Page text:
Monday, November 21, 2011

Cheap Shot

Looking at a timeline for computing on Wikipedia (here), I came across this quote for the year 1977:

There is no reason anyone would want a computer in their home.

The person quoted is supposedly Ken Olsen, founder, president, and chairman of Digital Equipment Corporation. I stared at that for a moment. The first thing that bothered me was that revealing “their.” This is 1977, I thought. Back then people had not yet succumbed to the disease of gender-neutral PC newspeak. My next thought was that Ken Olsen was no dummy. Apple had been launched the year before—and behind it a rather sizeable cloud of amateurs building little personal computers. And Commodore had already launched its first little computer too, dubbed PET (for personal electronic transactor). So I went on a search. One thing that the Internet age has taught me is that you do not automatically believe what you read on a screen. Sure enough…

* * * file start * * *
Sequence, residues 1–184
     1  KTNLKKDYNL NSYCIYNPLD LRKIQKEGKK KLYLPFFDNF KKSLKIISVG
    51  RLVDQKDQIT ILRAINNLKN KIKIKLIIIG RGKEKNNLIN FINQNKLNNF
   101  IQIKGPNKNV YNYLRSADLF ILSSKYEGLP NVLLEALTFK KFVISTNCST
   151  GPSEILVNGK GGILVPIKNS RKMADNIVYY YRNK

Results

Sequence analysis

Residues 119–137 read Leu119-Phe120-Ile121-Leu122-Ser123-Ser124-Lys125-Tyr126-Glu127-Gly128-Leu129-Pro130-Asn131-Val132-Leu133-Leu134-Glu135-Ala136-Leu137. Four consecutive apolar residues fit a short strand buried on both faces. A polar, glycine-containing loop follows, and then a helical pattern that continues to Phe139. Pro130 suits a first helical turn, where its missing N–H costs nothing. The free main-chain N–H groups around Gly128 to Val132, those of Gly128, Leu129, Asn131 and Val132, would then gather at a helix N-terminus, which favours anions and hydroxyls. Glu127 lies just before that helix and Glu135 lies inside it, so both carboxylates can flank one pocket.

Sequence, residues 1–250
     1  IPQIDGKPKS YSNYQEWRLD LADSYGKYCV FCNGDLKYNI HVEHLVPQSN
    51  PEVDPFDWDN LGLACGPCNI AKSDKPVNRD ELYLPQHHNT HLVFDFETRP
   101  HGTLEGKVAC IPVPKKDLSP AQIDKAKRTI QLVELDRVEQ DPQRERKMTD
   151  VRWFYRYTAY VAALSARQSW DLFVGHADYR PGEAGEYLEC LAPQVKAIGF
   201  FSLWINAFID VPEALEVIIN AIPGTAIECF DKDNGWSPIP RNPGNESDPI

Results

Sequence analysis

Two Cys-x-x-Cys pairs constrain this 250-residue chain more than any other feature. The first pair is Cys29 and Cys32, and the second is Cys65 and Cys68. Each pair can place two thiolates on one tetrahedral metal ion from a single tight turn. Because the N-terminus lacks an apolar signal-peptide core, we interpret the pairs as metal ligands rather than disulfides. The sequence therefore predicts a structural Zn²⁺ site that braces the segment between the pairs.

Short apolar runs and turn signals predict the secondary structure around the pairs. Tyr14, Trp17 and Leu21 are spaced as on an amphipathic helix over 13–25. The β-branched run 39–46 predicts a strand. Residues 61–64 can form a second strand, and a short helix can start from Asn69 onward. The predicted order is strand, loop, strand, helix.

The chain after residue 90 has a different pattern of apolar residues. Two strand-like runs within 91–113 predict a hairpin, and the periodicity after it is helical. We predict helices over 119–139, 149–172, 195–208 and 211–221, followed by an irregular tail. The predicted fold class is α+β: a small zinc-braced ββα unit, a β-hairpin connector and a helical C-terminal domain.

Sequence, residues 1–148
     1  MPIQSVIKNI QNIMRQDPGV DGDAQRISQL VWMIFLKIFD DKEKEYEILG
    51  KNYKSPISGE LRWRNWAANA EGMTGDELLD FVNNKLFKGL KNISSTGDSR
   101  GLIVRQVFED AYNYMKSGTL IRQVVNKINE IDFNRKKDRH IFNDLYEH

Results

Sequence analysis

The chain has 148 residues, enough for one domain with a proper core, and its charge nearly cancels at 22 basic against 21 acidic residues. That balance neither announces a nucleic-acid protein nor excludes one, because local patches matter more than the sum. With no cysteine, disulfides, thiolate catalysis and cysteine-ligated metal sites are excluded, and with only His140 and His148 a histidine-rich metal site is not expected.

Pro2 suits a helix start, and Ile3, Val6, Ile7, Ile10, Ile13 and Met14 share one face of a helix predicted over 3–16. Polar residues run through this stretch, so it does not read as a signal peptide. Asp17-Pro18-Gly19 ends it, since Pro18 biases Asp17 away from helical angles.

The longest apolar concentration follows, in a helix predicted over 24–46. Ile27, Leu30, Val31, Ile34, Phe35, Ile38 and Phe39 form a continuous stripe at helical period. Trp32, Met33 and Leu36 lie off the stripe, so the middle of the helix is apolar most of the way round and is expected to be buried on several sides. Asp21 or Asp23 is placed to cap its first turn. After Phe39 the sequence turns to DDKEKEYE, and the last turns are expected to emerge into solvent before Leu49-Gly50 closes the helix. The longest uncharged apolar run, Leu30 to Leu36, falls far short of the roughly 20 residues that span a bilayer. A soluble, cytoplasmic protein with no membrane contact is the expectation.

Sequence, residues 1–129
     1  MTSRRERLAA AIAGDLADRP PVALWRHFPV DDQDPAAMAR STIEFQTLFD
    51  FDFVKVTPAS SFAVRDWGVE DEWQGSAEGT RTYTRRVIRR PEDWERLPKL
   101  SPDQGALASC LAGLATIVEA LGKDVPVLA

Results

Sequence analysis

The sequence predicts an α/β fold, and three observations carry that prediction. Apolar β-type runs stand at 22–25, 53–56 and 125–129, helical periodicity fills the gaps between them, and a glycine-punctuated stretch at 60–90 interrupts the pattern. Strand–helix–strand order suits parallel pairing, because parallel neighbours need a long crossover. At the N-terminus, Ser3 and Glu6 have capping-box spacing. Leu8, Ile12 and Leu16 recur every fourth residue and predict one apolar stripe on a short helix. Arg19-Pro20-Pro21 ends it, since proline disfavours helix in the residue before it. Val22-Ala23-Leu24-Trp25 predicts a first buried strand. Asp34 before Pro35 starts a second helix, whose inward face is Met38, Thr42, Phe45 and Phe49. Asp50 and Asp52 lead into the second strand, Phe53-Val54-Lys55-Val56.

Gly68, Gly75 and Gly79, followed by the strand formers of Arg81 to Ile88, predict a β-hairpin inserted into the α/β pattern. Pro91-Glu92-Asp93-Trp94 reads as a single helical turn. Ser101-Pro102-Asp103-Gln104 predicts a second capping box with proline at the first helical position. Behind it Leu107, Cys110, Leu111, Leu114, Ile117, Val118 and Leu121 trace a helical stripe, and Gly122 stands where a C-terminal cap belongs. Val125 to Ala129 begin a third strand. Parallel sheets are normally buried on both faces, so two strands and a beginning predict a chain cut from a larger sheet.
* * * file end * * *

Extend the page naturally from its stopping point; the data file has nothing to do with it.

What Olsen had said, in an address to the World Future Society in Boston, was “There is no reason for any individual to have a computer in his home.” Notice that “his.” And the context was quite different. I learned from Snopes.com, “Rumor Has It” (link), that Olsen’s context was a computer installed to control every function of the residence, “turning lights on and off, regulating temperature, choosing entertainments, monitoring food supplies and preparing meals, etc.” Snopes quotes Olsen himself saying later was that this interpretation

…is, of course, ridiculous because the business we were in was making PCs, and almost from the start I had them at home and my wife played Scrabble with time-sharing machines, and my sixth grade son was networking the MIT computers and the DEC computers together, hopefully without doing mischief, using the computers I had at home.

Now, amusingly, Snopes itself gives no attribution for this quote beyond saying: “As Olsen later noted…” Sloppy, I would say. The truth of the matter is, the information is out there, but it’s best to trust—but verify.

No comments:

Post a Comment